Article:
In a project that combined cultural heritage with community service, Tatitlek students and community members completed a major cleanup and rebuilding of the village cemetery. A five-minute walk from the school and the rest of the village, it had become overgrown and was seen as not paying enough respect to the deceased. The village came together to build a gravel path, a wooden walkway, and more than 100 crosses that they installed at each grave. (The Russian Orthodox crosses in the photo reflect the influence of Russian colonization of Alaska Natives beginning in the 18th century.)
As with Cultural Heritage Week, this service project fulfilled both school and community goals, providing an authentic, meaningful learning experience. The Chugach Personal/Social/Service standard includes learning targets such as:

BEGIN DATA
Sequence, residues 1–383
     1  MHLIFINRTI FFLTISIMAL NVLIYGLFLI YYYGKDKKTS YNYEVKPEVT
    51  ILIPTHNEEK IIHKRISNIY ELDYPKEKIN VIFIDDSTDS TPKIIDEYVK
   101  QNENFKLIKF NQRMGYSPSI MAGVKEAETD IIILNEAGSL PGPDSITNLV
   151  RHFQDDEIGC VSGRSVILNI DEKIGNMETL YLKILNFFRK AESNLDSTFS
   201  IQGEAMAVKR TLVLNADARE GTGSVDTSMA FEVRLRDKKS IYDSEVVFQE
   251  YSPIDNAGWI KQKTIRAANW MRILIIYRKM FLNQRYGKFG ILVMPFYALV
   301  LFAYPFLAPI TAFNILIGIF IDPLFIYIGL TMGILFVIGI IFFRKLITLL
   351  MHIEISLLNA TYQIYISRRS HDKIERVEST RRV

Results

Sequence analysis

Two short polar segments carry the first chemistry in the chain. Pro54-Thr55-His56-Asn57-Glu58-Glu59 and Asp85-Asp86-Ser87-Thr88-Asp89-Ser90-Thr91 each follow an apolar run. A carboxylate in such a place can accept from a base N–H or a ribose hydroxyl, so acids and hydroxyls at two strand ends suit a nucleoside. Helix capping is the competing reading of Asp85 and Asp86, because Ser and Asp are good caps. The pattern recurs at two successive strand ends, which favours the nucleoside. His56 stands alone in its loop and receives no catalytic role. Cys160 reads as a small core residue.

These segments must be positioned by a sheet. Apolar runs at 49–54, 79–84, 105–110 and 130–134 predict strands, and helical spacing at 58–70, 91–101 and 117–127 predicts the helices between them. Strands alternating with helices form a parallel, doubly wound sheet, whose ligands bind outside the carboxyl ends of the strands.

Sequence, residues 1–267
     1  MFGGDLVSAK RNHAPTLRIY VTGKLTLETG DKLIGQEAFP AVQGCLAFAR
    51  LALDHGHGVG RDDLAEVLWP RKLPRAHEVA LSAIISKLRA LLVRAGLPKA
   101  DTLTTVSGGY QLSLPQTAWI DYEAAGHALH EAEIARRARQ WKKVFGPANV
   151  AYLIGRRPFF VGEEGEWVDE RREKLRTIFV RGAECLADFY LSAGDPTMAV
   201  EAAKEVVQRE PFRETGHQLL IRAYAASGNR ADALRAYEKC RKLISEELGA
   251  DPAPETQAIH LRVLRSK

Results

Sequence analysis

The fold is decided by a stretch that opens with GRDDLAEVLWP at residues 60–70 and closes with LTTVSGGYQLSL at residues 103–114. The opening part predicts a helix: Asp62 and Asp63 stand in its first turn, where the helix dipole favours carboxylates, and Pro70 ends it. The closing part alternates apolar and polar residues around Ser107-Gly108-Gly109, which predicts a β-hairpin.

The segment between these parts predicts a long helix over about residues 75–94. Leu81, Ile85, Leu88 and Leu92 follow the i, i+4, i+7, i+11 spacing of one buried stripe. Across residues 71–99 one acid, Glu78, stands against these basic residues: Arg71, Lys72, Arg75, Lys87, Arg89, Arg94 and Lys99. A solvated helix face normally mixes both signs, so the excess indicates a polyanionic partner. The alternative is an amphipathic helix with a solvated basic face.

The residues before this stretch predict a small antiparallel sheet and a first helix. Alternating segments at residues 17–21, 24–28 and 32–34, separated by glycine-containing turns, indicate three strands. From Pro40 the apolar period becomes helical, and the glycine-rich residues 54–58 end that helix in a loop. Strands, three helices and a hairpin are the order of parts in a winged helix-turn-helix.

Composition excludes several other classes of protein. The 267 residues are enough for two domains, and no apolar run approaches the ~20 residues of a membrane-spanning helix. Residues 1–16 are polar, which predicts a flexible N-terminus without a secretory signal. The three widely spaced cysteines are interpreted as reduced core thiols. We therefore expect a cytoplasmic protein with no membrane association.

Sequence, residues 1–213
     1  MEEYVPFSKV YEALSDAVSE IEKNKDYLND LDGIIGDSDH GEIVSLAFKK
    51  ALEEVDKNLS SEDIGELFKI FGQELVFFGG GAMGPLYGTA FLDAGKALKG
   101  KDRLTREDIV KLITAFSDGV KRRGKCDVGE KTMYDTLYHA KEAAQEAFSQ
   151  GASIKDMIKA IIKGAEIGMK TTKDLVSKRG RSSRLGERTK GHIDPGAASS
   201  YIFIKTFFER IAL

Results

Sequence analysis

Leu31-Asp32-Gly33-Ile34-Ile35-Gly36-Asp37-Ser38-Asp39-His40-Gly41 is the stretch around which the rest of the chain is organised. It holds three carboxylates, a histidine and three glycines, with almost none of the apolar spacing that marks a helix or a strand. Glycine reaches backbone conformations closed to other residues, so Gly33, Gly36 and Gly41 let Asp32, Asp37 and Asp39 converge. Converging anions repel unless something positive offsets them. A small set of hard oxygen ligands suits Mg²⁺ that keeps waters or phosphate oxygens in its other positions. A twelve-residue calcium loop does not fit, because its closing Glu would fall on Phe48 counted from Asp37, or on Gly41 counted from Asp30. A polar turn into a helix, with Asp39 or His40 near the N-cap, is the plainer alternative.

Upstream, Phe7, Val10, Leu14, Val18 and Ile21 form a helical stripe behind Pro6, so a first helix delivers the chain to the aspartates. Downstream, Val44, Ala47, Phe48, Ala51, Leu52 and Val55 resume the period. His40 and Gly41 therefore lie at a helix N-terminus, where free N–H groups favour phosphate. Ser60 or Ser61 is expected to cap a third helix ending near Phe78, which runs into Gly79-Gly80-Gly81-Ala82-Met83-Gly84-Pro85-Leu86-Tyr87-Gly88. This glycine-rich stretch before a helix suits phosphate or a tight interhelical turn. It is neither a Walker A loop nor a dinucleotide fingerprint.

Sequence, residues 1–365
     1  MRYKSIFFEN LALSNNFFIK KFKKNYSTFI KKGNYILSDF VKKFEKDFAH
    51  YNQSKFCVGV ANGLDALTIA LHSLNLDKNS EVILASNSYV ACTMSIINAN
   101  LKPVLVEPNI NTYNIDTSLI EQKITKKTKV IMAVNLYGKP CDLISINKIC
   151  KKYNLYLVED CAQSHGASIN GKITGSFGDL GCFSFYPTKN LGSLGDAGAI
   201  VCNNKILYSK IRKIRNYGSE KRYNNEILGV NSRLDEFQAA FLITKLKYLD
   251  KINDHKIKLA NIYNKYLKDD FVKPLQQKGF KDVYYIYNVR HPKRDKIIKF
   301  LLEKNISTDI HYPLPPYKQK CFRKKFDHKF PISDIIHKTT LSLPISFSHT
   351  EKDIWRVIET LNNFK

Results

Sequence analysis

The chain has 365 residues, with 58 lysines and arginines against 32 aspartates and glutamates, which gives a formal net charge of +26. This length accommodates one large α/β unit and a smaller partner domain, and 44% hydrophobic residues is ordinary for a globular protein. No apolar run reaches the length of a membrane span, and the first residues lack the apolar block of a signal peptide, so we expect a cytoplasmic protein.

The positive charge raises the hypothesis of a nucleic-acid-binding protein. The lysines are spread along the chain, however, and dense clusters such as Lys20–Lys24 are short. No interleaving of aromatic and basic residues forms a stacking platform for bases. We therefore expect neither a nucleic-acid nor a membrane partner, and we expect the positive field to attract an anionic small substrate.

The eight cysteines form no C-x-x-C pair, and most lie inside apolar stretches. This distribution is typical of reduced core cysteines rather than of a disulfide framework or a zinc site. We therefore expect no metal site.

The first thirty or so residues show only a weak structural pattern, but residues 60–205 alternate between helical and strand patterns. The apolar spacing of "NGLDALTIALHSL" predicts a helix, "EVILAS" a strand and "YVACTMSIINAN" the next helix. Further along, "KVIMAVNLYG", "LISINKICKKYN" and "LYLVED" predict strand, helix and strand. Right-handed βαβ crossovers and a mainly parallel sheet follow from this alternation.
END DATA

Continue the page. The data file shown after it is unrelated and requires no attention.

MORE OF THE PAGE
- (Level 2 out of 8) Student gives examples of needs for service projects in their community and participates in a teacher/adult-directed community awareness project.
- (Level 5 out of 8) Student researches, plans, and implements a service project. Student documents participation. Student summarizes and reflects on service project.
- (Level 8 out of 8) “Student mentors and/or evaluates other students in successfully completing Service targets at a lower level.
While the details of authentic projects that build cultural competence and sustain cultural heritage will look different in different contexts, these two projects in Tatitlek provide excellent examples to inspire projects in other competency-based schools.
Other Posts in This Series
- Rethinking Grade Levels and Age Groupings at the Whittier Community School
- Bringing Parents Into Competency-Based Schools
- Pathways, Pacing, and Agency Are Intertwined
- Teaching through the Culture: Native Education in a Performance-Based System
- Deep Poverty, Deeper Learning, and Being an Ally
- How Competency-Based Learning Supports Culturally Responsive Curriculum
Eliot Levine is the Aurora Institute’s Research Director and leads CompetencyWorks.